General Questions on the Administration of an Intestate Estate (No Will)


If someone dies without writing a Will, they have died intestate. Each state has specific laws governing the distribution of property when a person dies intestate, and most laws are generally the same. The laws of Alabama are shown below, but you should remember that these laws may not apply if the deceased was not a resident of Alabama, or if the property is located in another state. In this list, ‘issue’ means all of the people who have descended from the decedent. This includes children (both natural and adopted), grandchildren (both natural and adopted), great grandchildren, and so on.

Property going to the surviving spouse:

a. entire estate if no surviving issue or parents of decedent;
b. first $100,000, plus 1/2 of balance of estate if there is no surviving issue but there is surviving parent(s);
c. first $50,000, plus 1/2 of balance of estate if there are surviving issue all of whom are also issue of surviving spouse; or
d. 1/2 of estate if there are surviving issue who are not issue of the surviving spouse.

Property not going to surviving spouse:

If there is no surviving spouse, or there is property left after the spouse receives his or her share, it passes under the following priority: All of the property passes to the issue, unless there are none. If none, all passes to the parents. If neither parent is living, the estate passes to siblings, and so on under this priority:

a. issue
b. parents
c. brothers and sisters
d. grandparents
e. aunts and uncles
f. cousins


1. Petition filed
2. Take immediate control of the estate
3. Inventory of the estate within 2 months
4. Bond, equal to the aggregate capital value of the property of the estate, plus one year’s estimated income from the estate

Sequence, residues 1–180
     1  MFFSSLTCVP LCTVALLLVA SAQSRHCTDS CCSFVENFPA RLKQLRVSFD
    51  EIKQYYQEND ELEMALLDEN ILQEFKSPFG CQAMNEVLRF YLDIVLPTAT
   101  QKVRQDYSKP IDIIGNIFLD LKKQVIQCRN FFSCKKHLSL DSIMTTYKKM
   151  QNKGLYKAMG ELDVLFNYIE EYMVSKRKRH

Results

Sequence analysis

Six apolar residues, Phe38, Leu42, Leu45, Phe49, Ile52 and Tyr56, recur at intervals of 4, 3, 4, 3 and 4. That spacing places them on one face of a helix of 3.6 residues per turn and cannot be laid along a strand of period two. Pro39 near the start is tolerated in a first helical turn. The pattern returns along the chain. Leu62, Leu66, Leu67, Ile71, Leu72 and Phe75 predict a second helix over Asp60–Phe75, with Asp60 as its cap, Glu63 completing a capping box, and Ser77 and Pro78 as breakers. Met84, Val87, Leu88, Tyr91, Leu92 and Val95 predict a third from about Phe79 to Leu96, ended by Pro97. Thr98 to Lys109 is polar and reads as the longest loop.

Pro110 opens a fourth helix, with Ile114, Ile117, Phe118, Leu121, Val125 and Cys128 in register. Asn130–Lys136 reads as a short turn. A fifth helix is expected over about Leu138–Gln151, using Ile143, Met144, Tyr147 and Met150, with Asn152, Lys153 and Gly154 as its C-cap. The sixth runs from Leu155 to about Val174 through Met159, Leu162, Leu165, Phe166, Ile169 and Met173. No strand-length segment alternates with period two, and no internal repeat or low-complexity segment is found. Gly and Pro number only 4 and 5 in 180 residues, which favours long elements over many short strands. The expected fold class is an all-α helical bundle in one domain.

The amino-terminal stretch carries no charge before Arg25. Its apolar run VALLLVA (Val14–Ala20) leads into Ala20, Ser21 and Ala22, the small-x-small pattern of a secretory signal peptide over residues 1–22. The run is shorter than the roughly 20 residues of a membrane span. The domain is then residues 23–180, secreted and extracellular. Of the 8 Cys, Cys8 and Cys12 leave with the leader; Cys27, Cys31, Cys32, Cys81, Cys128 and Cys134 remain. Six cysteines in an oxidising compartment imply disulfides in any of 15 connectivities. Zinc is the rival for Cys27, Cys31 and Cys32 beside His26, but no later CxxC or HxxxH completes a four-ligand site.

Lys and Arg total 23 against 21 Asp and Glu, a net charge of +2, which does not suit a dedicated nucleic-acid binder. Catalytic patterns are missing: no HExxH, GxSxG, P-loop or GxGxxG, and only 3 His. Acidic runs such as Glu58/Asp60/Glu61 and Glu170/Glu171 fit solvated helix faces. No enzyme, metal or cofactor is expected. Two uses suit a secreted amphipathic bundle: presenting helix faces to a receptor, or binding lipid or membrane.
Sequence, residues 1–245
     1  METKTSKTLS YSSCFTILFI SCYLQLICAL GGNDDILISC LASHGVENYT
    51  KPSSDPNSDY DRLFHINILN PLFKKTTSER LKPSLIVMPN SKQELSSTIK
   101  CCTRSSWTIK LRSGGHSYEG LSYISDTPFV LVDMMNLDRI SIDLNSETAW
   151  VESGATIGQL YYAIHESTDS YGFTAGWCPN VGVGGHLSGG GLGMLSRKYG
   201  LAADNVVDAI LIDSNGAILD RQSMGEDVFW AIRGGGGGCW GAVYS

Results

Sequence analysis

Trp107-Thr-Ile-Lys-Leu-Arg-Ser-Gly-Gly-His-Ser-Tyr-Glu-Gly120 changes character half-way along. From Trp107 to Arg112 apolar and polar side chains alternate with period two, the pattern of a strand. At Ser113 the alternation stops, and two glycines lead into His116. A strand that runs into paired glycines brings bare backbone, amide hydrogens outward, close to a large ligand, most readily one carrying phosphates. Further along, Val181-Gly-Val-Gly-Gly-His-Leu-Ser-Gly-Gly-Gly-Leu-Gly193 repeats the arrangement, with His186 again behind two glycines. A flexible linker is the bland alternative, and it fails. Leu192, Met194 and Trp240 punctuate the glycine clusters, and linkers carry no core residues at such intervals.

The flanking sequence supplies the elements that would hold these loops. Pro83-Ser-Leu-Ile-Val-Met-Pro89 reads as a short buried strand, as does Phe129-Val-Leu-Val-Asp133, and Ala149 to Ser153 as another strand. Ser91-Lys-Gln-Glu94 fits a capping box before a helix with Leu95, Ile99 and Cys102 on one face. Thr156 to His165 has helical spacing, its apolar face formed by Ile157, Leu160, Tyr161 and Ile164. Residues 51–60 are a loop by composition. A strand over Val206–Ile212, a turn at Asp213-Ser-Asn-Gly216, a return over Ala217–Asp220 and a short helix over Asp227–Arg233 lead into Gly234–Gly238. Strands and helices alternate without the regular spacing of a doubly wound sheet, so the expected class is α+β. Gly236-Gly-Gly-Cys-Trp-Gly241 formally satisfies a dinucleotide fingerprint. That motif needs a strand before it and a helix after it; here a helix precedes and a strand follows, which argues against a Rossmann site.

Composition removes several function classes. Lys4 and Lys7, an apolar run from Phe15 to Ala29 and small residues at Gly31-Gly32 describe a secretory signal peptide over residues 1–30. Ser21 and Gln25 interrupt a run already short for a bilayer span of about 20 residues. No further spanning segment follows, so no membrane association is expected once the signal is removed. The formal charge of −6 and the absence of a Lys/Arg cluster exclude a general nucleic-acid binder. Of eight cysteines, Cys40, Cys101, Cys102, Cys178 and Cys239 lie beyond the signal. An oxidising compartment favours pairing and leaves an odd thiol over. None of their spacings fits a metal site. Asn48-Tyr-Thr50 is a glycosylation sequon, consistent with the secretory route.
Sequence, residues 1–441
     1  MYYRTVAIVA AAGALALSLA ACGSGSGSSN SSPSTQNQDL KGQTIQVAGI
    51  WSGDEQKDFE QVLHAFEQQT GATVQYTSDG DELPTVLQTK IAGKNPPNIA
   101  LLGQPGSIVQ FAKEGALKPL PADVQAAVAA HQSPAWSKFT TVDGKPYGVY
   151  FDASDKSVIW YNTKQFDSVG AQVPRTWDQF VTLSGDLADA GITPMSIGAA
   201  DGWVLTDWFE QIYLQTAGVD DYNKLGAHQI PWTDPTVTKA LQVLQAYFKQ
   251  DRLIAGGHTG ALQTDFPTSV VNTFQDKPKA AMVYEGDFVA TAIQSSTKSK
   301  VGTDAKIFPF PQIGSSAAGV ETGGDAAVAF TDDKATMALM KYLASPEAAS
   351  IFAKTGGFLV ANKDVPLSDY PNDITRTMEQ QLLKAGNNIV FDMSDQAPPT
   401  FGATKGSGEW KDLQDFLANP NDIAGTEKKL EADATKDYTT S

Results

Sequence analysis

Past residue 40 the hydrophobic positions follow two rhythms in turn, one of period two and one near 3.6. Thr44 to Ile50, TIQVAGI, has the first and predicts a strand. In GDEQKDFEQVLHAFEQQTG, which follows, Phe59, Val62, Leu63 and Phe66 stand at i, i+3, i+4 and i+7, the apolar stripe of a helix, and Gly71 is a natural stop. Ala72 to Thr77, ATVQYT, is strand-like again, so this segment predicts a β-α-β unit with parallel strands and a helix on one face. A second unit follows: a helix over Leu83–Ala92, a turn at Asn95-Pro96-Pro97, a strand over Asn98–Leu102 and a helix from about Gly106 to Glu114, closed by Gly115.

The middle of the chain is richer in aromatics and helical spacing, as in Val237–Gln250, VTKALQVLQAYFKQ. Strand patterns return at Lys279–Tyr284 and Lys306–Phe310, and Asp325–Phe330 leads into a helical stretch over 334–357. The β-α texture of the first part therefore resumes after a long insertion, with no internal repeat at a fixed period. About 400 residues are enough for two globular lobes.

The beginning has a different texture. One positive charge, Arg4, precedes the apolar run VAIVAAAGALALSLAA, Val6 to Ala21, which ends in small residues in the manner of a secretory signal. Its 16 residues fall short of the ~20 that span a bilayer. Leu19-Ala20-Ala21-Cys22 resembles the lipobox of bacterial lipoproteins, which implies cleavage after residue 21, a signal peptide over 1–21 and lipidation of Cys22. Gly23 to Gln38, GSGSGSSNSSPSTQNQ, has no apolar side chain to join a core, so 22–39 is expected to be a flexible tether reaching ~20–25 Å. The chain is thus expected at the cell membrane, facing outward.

5. Notice must be given to all heirs
6. Letters of Testamentary granted
7. Notice to file claims must be published once a week for 3 weeks and individual notice given to anyone known to have a claim against the deceased
8. Claims must be filed generally within 6 months
9. Generally the estate cannot be divided until all claims and expenses have been paid which is at least six
10. months
11. Court must approve attorney’s fees


Without court authorization the personal representative may:

a. retain assets
b. receive assets
c. perform deceased contracts
d. satisfy written charitable pledges
e. deposit funds in financial institutions
f. abandon valueless personal property
g. allocate expenses to income
h. pay assessments
i. hold securities
j. insure assets
k. borrow to protect estate
l. settle with debtors
m. settle claims
n. pay taxes and expenses
o. sell or exercise stock options
p. enter leases up to one year
q. vote stocks
r. employ attorneys, auditors
s. prosecute or defend claims
t. continue unincorporated business
u. incorporate the business
v. limit liability [court may limit powers of personal representative]

With prior court authorization the personal representative may:

a. abandon an estate asset
b. make repairs or demolish improvements
c. subdivide, dedicate land
d. enter leases greater than one year
e. enter mineral leases
f. sell real estate
g. pay compensation of personal representatives

Due to the complexity of laws and procedures of the Probate Court, we strongly suggest that you seek the advice of a licensed attorney.  The Probate Judge, Chief Clerk and Staff of the Probate Court are prohibited by law to offer any legal advice.  


Prepared by the Alabama Law Institute for Alabama Probate Judges’ Association

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